Freitag, 22. Januar 2016

The Adventure of Running with Huskies in Finnish Lapland

I hate cold water.

Every single hair of my arm is white and frozen the moment I step out the wooden door. I'm naked. I look up and above me are the stars, the Milky Way, and the quickly changing forms of the northern lights. This deep inside the Polar Circle no citylight pollutes the view up to the univers. The next village is not a village but a pitstop some 40 kilometers southerly from where I stand. Far enough to feel being in the wild in this clear polar night.

It costs me a lot to overcome the resistance but I hear Olli's words carried over by the wind: 'Don't think. Just do it!' So I throw myself in the snow and roll around. Temperatures inside the cabin were minus ten; outside where I'm now lying in the snow looking in a sparkling clear univers they are closer to minus 30 than minus 20 degrees. The good thing I'll go back inside the wood heated sauna. 

In the following days I'll get kind of used to it. 

Before we arrived here close to the Norwegian border somewhere in nowhere we climbed up the high Tundra. My team of five dogs walk in a steady move pulling the sled with me and some 20 to 30 kilogram of supply. Uphill I step of the sled and start pushing the sled in front of me. I have to run fast to keep up with the dogs. I'm trying to find a good rhythm and pace with them. The cold wind in my face and the effort to push uphill is great for my head. It blows all my thoughts away. There is this hill, me, a sled and a pack of beautiful strong dogs.

Gods, Presidents and Planets
The first two dogs are the leaders. Zeus a crazy and energetic two year old and a wiser and experienced but constantly working Osman. Osman is named after a famous dog Scott used during the Terra-Nova-Expedition to explore Antarctica in 1912. Scott described Osman as a 'wild wolf-like king dog'. I had the smaller version of Osman. But more then once Osman pushed in the right direction and disciplined Zeus when he wanted to leave the path.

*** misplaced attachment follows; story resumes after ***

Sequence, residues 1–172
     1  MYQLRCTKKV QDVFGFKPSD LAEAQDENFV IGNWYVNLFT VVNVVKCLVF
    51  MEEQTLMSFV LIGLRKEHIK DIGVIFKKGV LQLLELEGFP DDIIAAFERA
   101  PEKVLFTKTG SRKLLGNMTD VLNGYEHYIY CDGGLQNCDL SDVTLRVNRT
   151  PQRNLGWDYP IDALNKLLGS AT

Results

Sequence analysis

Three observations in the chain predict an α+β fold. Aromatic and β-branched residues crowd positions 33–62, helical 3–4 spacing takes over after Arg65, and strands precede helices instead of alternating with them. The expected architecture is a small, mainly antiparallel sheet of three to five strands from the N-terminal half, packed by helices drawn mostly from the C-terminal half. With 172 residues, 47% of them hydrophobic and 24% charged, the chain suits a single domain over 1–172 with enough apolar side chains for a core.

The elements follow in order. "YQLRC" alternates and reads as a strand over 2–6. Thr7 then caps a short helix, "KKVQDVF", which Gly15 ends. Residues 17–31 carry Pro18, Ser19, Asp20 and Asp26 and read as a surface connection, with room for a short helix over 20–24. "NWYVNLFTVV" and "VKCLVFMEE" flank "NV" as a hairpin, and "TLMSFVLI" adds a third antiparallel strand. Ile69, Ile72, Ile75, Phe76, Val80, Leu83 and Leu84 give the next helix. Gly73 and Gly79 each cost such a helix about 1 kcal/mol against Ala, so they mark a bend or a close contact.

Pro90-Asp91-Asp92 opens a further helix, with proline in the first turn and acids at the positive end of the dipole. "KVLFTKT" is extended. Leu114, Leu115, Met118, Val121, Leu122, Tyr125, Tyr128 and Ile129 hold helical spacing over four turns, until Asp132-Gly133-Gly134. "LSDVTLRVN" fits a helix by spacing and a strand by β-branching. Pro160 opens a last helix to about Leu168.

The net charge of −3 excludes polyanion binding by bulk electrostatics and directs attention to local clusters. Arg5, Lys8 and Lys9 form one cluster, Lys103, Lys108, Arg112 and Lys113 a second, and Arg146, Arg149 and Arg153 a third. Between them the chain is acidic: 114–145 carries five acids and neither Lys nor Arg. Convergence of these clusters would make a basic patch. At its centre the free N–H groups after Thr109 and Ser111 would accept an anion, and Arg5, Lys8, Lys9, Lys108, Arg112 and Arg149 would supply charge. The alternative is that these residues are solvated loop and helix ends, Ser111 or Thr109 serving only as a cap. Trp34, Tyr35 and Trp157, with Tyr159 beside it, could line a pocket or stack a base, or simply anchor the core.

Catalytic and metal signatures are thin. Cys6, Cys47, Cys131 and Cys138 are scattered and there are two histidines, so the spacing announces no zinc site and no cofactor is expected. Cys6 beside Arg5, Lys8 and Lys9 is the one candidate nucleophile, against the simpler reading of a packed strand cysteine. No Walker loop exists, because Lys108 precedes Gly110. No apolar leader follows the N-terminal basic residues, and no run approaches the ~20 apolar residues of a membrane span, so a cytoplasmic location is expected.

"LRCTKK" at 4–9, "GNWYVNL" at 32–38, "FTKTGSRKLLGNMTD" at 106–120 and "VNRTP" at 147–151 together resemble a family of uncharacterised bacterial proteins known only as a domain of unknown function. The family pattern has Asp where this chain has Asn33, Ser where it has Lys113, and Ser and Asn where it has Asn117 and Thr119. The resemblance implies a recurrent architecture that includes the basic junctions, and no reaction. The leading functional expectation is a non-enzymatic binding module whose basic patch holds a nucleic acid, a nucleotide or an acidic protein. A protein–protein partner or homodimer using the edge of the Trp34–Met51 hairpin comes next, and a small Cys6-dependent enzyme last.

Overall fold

I don't know if it is politically correct to call a black dog Obama but this was the name of a more shy dog in the middle of the harnessed team. He warmed up over the time and started to enjoy some attention as we were together longer. His black fur turns grey when the air freezes around him, making him age like Obama in his second term. I think Obama is a great name for this guy.

The Planet Pups. I totally fell in love with these two adorable, fluffy creatures - the wheelers or wheels in the back. Mercury was a little grumpy and only accepts to run besides his brother Pluto. He teases Pluto when he feels bored but as he got tired over the days he became calmer and less grumpy. Pluto couldn't be any cuter. His white and light grey fur and all of his soft movements speak for his character. His howling is a high tone and he howled all the time during the breaks. Both went crazy and love the attention. They tried to climb up on me and lick my face.

The polar morning
Right before we start in the morning the dogs get harnessed and attached to the lines. Shortly before we leave one dog starts with a low bark and another one starts howling. Soon all thirty dogs begin to howl and bark and the silent polar morning is filled with these archaic call from the past. They give me goose bumps. They now jump and pull in the lines only an anchor deep in the snow prevents them from leaving alone.